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Mythographic complexities in 1 Iron Age
Charlotte Coffin

… Translated out of Frenche by Wyllyam Caxton (London: William Copland, 1553), III, fol. 10v. All quotations refer to this edition, which Yves Peyré deems a plausible source: Peyré (gen. ed.), ‘Heywood’s library: the books Thomas Heywood used when he wrote Troia Britanica ’ , Troia , available at www.shakmyth.org , accessed 24 June 2020. 21 For further analysis of Caxton’s paratext see William Kuskin, Symbolic Caxton: Literary Culture and Print Capitalism (Notre Dame, IN: University of Notre Dame Press, 2008), pp. 93–7. 22 Kuskin, Symbolic Caxton , p. 236

in Thomas Heywood and the classical tradition
Theorising practice in Thomas Heywood’s Ages plays
Chloe Kathleen Preedy

, E2r. 35 John Webster, ‘To his beloved friend Maister Thomas Heywod’. In Heywood, Apology , sig. A2v. 36 Heywood, Apology , sig. A4v. 37 See for example David Hawkes, ‘Thomas Gresham’s law, Jane Shore’s mercy: value and class in the plays of Thomas Heywood’, English Literary History , 77:1 (2010), 25–44; Richard Rowland, ‘ The Captives : Thomas Heywood’s “whole monopoly off mischieff”’, Modern Language Review, 90 (1995), 585–602; Theodora A. Jankowski, ‘Historicizing and legitimating capitalism: Thomas Heywood’s Edward IV and If You Know Not

in Thomas Heywood and the classical tradition
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Erotic commodification, cross-cultural conversion, and the bed-trick on the English stage, 1580–1630
Daniel Vitkus

of all things and ignores the reality of use value. 1 That mistake is the primal ruse of emergent capitalism, and it was profoundly disturbing for early modern society in England. This fundamental economic disruption reverberated through various cultural productions, bringing together (and often eliding) economic, erotic, and religious or racial concerns: women are bought and sold as

in Conversions
Scotland’s screen destiny
Mark Thornton Burnett

complementary perspective, ‘postmodernism’, as Colin MacCabe states, ‘is the cultural form of the current moment of ... global multinational capitalism’. 9 This is not to claim that postmodernism and globalization are in any way synonymous, but it is to suggest that, in a world system paradoxically revelling in instability, replication and the difficulty of ever achieving an authentic cultural utterance, the

in Shakespeare and Scotland
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The Wire
Elisabeth Bronfen

singular and comprehensive failures to be found in the nation’s domestic history’, with Baltimore, the particular playing field, standing in for the more global condition of urban centres in early twenty-first-century capitalism. 7 Both the television series and Shakespeare’s series of history plays thus reconceive actual historical domestic strife (the English Wars of the Roses, the American war on drugs) as a theatricalised game, in which shifts in political power are embodied by individual actors playing through the schemes open to them. The Wire ’s connection to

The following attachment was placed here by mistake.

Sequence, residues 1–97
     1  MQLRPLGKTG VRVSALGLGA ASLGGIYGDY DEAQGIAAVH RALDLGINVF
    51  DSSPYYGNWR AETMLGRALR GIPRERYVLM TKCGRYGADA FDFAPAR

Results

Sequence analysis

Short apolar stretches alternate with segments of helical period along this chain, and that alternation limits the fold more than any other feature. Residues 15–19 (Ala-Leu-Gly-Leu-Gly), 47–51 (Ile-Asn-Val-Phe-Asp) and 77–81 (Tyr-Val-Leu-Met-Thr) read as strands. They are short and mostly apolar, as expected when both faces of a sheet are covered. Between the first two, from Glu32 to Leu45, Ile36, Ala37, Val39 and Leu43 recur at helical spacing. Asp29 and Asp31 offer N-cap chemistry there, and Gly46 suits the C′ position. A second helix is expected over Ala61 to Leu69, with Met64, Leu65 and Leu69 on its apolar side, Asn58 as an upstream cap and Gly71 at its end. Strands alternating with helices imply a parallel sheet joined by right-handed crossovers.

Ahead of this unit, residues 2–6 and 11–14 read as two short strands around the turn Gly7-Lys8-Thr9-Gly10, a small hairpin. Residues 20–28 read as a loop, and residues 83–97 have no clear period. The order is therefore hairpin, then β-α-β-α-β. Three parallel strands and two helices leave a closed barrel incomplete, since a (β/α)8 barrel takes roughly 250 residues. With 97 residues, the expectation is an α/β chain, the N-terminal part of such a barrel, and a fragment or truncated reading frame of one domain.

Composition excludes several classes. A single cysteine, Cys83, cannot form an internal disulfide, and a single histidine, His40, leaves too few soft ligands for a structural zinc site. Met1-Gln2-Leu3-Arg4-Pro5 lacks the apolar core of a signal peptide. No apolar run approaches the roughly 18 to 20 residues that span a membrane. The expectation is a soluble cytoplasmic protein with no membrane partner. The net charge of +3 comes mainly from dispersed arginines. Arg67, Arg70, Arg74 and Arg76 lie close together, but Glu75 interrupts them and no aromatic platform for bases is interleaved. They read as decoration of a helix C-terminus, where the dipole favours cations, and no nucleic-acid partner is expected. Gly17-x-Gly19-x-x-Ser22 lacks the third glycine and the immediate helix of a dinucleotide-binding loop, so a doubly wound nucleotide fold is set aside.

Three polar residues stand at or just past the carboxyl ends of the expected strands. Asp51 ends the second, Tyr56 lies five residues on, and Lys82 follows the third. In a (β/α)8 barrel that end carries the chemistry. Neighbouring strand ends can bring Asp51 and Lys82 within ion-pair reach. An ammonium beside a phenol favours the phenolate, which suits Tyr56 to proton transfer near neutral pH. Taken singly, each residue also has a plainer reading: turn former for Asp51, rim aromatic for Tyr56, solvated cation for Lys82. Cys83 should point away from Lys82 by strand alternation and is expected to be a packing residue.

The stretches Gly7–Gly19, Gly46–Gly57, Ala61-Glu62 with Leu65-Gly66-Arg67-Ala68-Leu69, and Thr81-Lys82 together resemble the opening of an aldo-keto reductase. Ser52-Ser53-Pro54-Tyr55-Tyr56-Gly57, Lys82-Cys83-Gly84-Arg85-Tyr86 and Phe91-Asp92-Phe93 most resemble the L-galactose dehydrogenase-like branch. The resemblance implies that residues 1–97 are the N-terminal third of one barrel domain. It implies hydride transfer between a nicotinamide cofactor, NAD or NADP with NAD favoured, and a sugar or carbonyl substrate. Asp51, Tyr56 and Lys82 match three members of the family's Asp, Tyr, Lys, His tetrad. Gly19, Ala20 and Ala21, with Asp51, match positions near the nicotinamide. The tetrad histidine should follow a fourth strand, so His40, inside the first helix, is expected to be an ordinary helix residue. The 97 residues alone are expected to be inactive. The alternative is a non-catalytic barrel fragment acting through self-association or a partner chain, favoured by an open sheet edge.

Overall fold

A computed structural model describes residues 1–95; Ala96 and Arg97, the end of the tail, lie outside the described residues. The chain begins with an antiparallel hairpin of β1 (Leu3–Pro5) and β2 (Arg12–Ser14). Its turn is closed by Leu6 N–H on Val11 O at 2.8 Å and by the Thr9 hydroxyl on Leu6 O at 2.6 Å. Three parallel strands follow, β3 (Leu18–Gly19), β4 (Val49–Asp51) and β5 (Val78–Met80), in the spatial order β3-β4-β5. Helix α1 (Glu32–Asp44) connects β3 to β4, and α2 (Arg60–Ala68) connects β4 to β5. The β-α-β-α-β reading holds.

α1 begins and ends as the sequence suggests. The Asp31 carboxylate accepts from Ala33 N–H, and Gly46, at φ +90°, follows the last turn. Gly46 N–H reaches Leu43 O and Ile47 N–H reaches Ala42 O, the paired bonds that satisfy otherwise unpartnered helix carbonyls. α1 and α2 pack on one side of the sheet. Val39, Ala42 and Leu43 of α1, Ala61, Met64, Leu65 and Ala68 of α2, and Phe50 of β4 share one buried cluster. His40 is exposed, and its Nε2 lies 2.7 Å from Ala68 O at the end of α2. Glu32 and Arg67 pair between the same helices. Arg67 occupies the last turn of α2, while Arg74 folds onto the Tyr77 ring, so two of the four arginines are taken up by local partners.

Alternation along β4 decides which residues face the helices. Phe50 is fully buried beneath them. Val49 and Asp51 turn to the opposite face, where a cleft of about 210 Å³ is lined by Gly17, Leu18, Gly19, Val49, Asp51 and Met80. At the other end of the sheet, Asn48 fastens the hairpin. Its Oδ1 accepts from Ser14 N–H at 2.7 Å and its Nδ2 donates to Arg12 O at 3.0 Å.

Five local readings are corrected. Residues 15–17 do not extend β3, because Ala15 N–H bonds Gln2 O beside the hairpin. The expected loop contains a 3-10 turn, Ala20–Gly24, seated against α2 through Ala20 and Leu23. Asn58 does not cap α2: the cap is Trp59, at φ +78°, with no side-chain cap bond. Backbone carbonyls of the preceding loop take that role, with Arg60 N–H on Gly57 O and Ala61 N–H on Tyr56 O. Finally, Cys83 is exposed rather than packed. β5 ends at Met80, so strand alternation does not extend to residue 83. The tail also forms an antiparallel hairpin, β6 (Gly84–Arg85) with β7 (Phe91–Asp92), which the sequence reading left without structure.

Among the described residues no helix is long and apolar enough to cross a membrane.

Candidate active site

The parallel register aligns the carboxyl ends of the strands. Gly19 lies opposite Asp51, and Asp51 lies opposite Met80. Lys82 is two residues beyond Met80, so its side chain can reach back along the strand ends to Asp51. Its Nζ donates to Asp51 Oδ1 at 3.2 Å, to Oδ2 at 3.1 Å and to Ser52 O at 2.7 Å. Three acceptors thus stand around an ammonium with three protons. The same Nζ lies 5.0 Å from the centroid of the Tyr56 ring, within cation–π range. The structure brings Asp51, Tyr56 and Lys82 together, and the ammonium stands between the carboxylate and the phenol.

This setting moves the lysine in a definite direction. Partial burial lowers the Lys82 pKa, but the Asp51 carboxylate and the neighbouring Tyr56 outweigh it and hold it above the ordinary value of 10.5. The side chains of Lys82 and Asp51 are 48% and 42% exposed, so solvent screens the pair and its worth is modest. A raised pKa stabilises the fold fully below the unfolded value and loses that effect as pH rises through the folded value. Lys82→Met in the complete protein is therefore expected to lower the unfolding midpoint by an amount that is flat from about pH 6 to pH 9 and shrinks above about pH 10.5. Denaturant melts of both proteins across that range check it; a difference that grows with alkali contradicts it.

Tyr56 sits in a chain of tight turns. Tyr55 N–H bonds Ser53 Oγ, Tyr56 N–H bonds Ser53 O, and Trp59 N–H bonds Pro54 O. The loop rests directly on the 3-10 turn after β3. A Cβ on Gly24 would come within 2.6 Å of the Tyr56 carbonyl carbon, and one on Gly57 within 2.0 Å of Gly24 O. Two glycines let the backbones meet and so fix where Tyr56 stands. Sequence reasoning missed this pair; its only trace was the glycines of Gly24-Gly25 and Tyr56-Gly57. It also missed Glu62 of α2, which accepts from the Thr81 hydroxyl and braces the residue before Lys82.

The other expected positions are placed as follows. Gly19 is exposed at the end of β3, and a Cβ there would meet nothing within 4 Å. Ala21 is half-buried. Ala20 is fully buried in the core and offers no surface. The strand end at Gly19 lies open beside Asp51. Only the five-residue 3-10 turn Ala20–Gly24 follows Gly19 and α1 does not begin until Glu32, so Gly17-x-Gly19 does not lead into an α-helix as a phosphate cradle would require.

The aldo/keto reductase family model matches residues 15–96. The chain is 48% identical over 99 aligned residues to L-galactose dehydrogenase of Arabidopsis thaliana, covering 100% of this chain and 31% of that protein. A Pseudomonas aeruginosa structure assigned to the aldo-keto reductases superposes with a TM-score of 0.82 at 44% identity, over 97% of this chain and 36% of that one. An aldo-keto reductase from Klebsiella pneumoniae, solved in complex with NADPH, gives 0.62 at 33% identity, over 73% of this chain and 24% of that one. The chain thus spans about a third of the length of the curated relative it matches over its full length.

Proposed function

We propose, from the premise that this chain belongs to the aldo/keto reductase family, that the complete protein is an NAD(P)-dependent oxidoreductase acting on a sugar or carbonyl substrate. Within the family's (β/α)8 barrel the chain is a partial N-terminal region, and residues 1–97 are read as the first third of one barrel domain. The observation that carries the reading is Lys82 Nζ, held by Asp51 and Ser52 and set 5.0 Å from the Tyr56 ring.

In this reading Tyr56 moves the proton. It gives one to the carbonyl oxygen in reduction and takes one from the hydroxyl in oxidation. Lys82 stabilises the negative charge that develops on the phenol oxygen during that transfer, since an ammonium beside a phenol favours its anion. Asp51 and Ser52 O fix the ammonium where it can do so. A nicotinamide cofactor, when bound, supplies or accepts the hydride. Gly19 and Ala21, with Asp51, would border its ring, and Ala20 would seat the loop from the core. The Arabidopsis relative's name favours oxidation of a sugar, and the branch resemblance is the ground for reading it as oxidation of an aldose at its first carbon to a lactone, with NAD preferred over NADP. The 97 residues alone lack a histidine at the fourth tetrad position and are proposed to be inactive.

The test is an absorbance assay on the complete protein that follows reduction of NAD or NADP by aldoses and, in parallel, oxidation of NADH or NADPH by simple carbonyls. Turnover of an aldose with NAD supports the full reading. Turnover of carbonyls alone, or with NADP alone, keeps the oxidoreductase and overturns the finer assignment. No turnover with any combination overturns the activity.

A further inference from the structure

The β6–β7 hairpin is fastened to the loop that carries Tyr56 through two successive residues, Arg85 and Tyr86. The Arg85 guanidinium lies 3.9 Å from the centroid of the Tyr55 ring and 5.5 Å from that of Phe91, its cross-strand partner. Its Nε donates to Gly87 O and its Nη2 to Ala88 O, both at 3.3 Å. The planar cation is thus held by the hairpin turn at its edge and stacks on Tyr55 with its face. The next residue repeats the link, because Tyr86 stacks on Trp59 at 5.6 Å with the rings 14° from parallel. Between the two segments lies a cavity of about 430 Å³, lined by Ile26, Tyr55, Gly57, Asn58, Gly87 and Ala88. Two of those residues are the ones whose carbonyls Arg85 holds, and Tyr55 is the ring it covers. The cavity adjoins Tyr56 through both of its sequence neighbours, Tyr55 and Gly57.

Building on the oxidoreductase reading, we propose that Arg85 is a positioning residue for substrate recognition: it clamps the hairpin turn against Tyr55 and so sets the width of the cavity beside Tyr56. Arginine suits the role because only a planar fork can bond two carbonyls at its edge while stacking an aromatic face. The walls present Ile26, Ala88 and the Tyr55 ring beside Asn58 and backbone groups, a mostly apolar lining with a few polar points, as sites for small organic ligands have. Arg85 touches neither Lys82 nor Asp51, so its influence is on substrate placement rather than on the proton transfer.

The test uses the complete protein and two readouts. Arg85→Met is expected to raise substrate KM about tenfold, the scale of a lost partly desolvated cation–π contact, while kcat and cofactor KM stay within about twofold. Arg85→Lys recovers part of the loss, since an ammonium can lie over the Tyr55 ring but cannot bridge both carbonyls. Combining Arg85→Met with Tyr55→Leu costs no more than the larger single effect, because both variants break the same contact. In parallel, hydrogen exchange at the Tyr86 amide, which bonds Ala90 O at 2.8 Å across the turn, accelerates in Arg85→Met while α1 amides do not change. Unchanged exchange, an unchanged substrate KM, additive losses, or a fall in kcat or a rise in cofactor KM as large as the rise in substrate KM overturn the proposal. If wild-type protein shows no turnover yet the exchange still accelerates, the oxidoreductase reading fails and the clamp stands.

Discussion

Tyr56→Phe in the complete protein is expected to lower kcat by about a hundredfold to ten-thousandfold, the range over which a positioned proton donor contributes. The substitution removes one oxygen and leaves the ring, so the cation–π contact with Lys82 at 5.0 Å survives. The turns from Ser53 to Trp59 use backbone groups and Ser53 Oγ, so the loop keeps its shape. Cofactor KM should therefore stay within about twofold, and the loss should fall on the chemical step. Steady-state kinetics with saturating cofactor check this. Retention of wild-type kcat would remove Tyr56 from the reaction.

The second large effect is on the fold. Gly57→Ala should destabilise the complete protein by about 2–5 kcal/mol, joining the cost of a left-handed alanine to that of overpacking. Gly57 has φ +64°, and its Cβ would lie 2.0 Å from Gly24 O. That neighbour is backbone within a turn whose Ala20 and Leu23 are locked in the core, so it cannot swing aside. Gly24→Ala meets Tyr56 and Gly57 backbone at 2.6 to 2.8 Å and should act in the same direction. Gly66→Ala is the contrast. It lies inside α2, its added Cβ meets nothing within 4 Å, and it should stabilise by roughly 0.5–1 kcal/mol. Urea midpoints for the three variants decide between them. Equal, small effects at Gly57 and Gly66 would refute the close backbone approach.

in Serial Shakespeare
The English Comedy as a transnational style
Pavel Drábek

class and the popular element, Weimann narrows down the discussion to an ideological dialectics of early capitalism vs. the folk (proletarian) element. In doing so, he forecloses the transcendental or metaphysical (or spiritual) aspect of early modern theatre, which still operates – as Weimann meticulously documents – within the frameworks of folk ritual. Richard Hillman departs

in Transnational connections in early modern theatre
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The Americans
Elisabeth Bronfen

queen. The Jenningses, and all whom they involve in their clandestine operations, are shown to perform – as transgressive revelry – the Cold War fantasies devised in the capitals of both these nations. Although, in this case, the Soviet Union has not been vanquished from the start, in hindsight we know the Americans to have won the arms race and the struggle for global capitalism. To think of the secret service handlers, investigators, and spies as fairy-like proxies and confused lovers means positing a narrative frame for this TV drama which, in its dramaturgic

in Serial Shakespeare
Abstract only
Richard Hillman

: the evolution from feudalism to capitalism, the fragmentation of the monolithic medieval Church, the contested concentration of monarchic power, the virtual abandonment, step by reluctant step, of England’s territorial pretensions in France. During this period, the English, like the French, still found it difficult to conceive of themselves without taking the other/Other into account. Conversely, to

in French origins of English tragedy
Kate McLuskie and Kate Rumbold

‘global capitalism’ and mass reproduction. They encompassed both producers and consumers since the entrance fees to events and performance provided only a fraction of the exhibition’s and the performances’ cost and its only explicit forms of exclusion were those applied to the significant numbers of groups whose applications to offer their products as part of the ‘Cultural Olympiad’ were turned down

in Cultural value in twenty-first-century England
Ovine tropes and the Golden Fleece in The Merchant of Venice
Atsuhiko Hirota

also helps to shape the play’s rich syncretic patterns of classical and biblical tropes. This intertextuality is enabled primarily by early modern variations on the myth, which include the use of metaphorical language to address economic issues, overseas trade and the importance of the wool industry: Mark Netzloff has analysed the myth in relation to early modern mercantilism and proto-capitalism as

in Interweaving myths in Shakespeare and his contemporaries